Major sporting events – including the Olympics, Ashes
and World Cups – can coincide with movement across
indices, currencies, stocks and more
Which markets might be affected by the Rugby World Cup,
kicking off on September 18?
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We’re going to be taking a look at the share listings of this year’s competition sponsors, as well as the indices and currencies of some of the countries taking part. Could a momentous victory for one of the home nations lead to movements in the markets?
Sponsoring a sporting event can deliver huge boosts to a brand. But how much does its share price feel the effect?
Last year, Coca-Cola’s sponsorship of the FIFA World Cup coincided with some impressive increases in its share price. Heineken, Societe Generale and DHL (listed under Deutsche Post) will be among the sponsors hoping to benefit from this year’s biggest tournament.
The jubilation of a sought-after cup victory – or disappointment of a missed opportunity – can affect traders as well as players and fans. Ashes victories, for instance, can impact markets in either hemisphere.
England’s last Rugby World Cup victory came in 2003, and coincided with a major rally for the FTSE and the pound. New Zealand, Australia and South Africa will all be hoping that a record third win could have a similar effect – while France, Scotland, Wales and Ireland chase their very first trophy.
Travis Robson is Head of Premium Client Management
Travis has been working in the financial markets for over nine years, with companies including ABN AMBRO, HSBC Investment Bank, Global Trader and PSG Online Securities. He is a regular contributor to media organisations that include Reuters Africa, BDTV, Moneyweb, SABC and CNBC Africa. Travis is also a member of the South African Institute for Financial Markets and an equity derivative member of the Johannesburg Stock Exchange.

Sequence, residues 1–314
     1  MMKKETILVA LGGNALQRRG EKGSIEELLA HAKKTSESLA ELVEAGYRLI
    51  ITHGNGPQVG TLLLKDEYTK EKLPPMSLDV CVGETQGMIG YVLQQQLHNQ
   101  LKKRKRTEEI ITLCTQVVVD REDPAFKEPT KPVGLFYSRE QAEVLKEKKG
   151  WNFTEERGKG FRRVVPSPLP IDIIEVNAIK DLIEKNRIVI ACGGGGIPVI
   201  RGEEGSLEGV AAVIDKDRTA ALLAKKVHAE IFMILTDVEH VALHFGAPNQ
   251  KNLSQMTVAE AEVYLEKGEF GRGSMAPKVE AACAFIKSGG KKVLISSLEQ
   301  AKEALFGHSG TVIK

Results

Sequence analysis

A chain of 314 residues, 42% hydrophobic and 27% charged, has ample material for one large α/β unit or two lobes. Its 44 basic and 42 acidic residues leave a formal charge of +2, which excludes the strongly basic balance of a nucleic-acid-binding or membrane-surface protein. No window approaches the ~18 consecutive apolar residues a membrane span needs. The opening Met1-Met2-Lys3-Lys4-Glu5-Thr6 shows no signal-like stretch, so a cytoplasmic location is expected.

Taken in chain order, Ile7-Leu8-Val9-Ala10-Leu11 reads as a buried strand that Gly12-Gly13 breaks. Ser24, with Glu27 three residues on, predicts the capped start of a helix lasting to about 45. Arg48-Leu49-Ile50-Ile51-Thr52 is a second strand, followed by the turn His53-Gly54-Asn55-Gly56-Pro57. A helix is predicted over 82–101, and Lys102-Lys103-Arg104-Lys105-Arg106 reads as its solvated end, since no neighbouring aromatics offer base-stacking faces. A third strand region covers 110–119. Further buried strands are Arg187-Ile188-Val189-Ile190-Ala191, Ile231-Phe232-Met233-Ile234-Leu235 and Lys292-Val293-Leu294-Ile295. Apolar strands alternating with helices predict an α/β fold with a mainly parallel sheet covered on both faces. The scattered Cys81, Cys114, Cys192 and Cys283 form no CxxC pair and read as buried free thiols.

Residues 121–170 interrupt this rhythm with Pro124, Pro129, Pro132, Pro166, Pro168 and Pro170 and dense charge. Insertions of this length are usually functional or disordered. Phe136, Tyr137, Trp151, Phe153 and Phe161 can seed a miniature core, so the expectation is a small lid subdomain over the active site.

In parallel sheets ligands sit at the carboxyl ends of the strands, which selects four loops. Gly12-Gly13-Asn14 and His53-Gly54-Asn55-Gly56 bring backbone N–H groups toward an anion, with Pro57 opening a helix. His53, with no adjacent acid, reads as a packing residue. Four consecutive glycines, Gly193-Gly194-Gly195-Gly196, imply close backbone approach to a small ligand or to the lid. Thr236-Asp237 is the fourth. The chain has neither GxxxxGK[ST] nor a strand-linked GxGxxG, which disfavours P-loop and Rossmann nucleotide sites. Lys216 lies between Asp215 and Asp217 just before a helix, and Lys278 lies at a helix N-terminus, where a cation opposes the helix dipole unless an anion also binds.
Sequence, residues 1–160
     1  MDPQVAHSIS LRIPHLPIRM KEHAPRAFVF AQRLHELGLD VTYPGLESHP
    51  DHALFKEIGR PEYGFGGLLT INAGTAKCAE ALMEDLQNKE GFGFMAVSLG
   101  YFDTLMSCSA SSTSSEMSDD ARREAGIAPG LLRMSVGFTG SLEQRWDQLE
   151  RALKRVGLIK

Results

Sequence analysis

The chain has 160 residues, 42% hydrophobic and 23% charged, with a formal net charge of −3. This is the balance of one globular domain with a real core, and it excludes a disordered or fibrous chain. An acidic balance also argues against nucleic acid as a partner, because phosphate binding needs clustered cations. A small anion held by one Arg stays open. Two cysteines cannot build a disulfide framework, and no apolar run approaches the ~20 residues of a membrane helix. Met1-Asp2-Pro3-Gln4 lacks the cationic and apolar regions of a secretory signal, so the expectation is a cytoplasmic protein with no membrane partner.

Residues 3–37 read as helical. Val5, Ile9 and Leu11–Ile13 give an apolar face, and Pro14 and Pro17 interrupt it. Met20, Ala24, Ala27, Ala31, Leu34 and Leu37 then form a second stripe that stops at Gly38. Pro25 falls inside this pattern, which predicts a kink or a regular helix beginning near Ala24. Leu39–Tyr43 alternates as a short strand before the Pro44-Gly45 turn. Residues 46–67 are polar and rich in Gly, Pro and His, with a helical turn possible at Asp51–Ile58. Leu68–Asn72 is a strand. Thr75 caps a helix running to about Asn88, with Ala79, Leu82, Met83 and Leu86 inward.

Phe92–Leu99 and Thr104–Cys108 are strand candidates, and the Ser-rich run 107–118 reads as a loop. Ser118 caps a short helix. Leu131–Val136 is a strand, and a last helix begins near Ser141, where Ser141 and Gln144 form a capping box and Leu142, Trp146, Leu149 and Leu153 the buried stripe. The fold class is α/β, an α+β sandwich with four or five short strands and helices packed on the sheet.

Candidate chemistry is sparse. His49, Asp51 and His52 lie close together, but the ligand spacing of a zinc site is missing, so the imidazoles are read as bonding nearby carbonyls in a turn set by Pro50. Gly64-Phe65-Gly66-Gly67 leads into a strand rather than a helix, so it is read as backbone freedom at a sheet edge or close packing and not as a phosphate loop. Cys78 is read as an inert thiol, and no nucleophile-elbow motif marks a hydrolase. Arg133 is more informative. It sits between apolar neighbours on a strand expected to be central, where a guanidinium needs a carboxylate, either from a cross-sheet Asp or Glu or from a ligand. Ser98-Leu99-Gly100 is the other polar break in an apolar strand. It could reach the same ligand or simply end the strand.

Shaun Murison works as a Market Analyst
Shaun has worked in financial markets for over eight years, and previously ran IG’s Durban branch in South Africa, before moving to Johannesburg. As a market analyst he presents our CFD trading seminars around the country. In addition, Shaun is a regular commentator on local financial markets, making contributions to the various forms of media and writing daily and weekly market reports. He is a registered person on the Johannesburg stock exchange and a certified market technician (CFTE).
Leigh Riley is a Premium Client Manager
Leigh has worked in the finance industry for five years. He is a dealer on IG’s trading floor, with a focus on premium client management. Leigh is also a a member of the South African Institute for Financial Markets. His previous roles include being in a financial advisory role at Discovery and Liberty Life, before moving on to Global Trader as a sales manager at their Durban branch.
The FIFA World Cup in 2010 was interesting as it was hosted in South Africa. South Africa was put on the map and the Johannesburg Stock Exchange (JSE) was definitely put in the spotlight.
There was a major drive in building and property stocks. A lot of work to build infrastructure took place in South Africa and JSE-listed stocks in that sector saw movement. We also saw a drive higher in alcohol, hotel/gaming and leisure stocks.